Figure 3. Hematoxylin and eosin stain of the right upper eyelid lesion showed a crater-shaped nodular lesion with hypertrophied lobules of epidermis penetrating into the underlying dermis with intracytoplasmic inclusion bodies.

 

Discussion and management

Molluscum contagiosum is caused by a double-stranded DNA virus that is a member of the poxvirus family. There are two forms of disease based on the population affected. The childhood form is transmitted by skin-to-skin contact and fomite-to-skin contact. The lesions in the childhood form are commonly found on the face, trunk and limbs. In young adults, the transmission is by skin contact associated with sexual intercourse. The lesions are primarily seen in the genital area. Studies supporting the disease as a sexually transmitted infection demonstrate identification of lesions in sexual partners, common occurrence on the genitals and common concurrence of other sexually transmitted infections in the affected population. In populations that are immunosuppressed, particularly in patients with AIDS, the lesions can be larger, appear in greater number and be harder to control.

Periocular manifestations are common and most often manifest as lesions on the eyelid. They can be associated with follicular conjunctivitis and also punctate keratopathy and subepithelial keratitis. Conjunctival lesions have also been reported.

Untreated, these lesions can last from 6 months to 3 years but ultimately resolve without treatment. Watchful waiting is the most common treatment, but intervention is often necessary when associated with secondary symptoms such as conjunctivitis. The most common treatment is curettage. It has shown to be effective, but multiple treatment sessions are often necessary for complete resolution due to subclinical lesions. The number of lesions at initial presentation has also been correlated with failure of curettage as a treatment modality. In addition to curettage, other destructive methods of molluscum contagiosum lesions include cryotherapy; topical potassium hydroxide, which works through keratolysis and destruction of the skin; and cantharidin, which is a topical vesicant acquired from blister beetles. Other treatment options include immunologic methods and antivirals. Imiquimod is an immunologic agent that works through induction of IFN-alpha, TNF-alpha and cell-mediated immunity. Cidofovir is an antiviral medication reported to improve recalcitrant molluscum contagiosum lesions in patients with HIV.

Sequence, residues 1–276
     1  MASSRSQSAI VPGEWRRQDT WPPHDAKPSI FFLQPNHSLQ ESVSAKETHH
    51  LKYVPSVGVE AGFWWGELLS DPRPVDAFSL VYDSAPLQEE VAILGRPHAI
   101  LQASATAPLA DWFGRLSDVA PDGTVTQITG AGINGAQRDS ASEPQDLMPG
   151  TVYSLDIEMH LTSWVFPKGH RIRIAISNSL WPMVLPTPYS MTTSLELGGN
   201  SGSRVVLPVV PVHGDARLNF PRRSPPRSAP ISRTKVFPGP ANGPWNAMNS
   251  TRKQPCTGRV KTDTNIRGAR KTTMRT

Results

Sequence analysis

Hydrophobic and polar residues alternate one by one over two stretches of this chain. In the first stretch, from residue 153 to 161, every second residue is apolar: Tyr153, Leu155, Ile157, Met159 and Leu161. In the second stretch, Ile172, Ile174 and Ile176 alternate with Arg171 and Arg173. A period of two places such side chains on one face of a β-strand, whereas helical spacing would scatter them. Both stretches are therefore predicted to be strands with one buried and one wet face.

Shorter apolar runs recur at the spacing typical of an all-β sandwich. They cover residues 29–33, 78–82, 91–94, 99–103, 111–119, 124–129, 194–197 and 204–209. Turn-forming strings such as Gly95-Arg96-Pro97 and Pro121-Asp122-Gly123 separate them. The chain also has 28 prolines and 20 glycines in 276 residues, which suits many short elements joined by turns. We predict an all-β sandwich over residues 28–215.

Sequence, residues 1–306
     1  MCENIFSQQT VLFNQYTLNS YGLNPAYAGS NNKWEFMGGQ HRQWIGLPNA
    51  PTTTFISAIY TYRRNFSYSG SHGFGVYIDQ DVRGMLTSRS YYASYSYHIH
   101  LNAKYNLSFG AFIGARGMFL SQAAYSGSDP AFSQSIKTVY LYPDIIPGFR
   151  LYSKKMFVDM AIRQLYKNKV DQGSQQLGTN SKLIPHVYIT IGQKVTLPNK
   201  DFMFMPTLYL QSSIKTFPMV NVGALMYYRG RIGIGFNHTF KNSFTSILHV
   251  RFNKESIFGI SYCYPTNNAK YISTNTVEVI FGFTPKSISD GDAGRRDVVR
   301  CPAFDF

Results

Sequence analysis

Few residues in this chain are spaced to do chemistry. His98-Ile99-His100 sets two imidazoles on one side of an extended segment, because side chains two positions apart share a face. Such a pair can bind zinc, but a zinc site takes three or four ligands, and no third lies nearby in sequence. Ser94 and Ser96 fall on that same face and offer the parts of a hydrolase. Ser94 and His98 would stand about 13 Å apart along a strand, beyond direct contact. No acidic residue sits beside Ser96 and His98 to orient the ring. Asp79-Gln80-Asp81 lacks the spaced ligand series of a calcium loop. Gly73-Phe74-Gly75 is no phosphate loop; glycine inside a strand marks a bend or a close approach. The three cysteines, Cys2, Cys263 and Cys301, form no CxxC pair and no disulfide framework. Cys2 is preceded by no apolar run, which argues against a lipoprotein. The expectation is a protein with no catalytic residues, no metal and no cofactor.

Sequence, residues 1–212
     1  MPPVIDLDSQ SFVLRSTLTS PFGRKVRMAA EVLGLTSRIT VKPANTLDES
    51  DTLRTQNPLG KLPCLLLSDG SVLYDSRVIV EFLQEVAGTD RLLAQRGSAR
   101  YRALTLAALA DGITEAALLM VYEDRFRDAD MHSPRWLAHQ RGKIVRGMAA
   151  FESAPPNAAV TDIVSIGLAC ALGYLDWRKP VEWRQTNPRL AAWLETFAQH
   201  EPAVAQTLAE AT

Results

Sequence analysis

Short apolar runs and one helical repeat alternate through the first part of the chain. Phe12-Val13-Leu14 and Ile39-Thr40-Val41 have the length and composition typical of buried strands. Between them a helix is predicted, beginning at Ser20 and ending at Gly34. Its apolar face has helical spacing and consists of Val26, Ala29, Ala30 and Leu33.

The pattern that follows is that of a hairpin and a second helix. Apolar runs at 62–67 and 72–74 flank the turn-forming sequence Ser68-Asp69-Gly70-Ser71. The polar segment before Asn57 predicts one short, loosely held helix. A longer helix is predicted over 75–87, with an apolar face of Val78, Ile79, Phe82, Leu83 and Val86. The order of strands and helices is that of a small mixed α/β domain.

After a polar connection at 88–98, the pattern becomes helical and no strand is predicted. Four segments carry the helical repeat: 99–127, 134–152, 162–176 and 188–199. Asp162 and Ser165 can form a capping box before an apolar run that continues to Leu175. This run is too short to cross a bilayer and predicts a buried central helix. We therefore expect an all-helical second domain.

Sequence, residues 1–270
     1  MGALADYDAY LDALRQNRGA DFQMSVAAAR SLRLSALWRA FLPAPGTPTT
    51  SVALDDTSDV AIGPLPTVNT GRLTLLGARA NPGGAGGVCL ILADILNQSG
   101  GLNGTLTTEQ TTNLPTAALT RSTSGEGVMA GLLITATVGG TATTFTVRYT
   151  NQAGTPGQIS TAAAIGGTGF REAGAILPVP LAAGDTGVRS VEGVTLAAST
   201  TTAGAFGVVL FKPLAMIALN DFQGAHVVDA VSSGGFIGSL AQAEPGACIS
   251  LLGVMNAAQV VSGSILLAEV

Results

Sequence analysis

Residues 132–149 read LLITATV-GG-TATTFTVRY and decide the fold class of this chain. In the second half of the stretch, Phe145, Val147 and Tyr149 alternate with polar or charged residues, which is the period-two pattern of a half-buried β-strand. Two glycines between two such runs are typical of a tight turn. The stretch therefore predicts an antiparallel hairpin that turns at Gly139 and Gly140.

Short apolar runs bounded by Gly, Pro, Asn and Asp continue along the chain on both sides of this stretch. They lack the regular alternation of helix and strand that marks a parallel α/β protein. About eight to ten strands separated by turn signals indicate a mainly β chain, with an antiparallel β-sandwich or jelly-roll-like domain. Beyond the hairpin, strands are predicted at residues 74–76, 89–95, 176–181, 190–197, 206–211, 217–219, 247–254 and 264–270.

Follow-up

After her initial excision, the patient returned for follow-up and was found to have persistent symptoms and several new skin lesions. These were also excised. At her most recent follow-up appointment, the patient was both symptom- and lesion-free.

References:
Akpek EK, Polcharoen W, Ferry JA, Foster CS. Conjunctival lymphoma masquerading as chronic conjunctivitis. Ophthalmology. 1999;106(4):757-760.
Brown ST, Nalley JF, Kraus SJ. Molluscum contagiosum. Sex Transm Dis. 1981;8(3):227-234.
Coloe Dosal J, Stewart PW, Lin JA, Williams CS, Morrell DS. Cantharidin for the treatment of molluscum contagiosum: a prospective, double-blinded, placebo-controlled trial [published online ahead of print Aug. 16, 2012]. Pediatr Dermatol. 2012;doi: 10.1111/j.1525-1470.2012.01810.x.
Meadows KP, Tyring SK, Pavia AT, Rallis TM. Resolution of recalcitrant molluscum contagiosum virus lesions in human immunodeficiency virus-infected patients treated with cidofovir. Arch Dermatol. 1997;133(8):987-990.
Schornack MM, Siemsen DW, Bradley EA, Salomao DR, Lee HB. Ocular manifestations of molluscum contagiosum. Clin Exp Optom. 2006;89(6):390-393.
Seo SH, Chin HW, Jeong DW, Sung HW. An open, randomized, comparative clinical and histological study of imiquimod 5% cream versus 10% potassium hydroxide solution in the treatment of molluscum contagiosum. Ann Dermatol. 2010;22(2):156-162.
Simonart T, De Maertelaer V. Curettage treatment for molluscum contagiosum: a follow-up survey study. Br J Dermatol. 2008;159(5):1144-1147.
For more information:
Kevin Sitko, MD, and Daniel Hu, MD, can be reached at New England Eye Center, Tufts University School of Medicine, 750 Washington St., Box 450, Boston, MA 02111; 617-636-4219; fax: 617-636-4866; website: www.neec.com.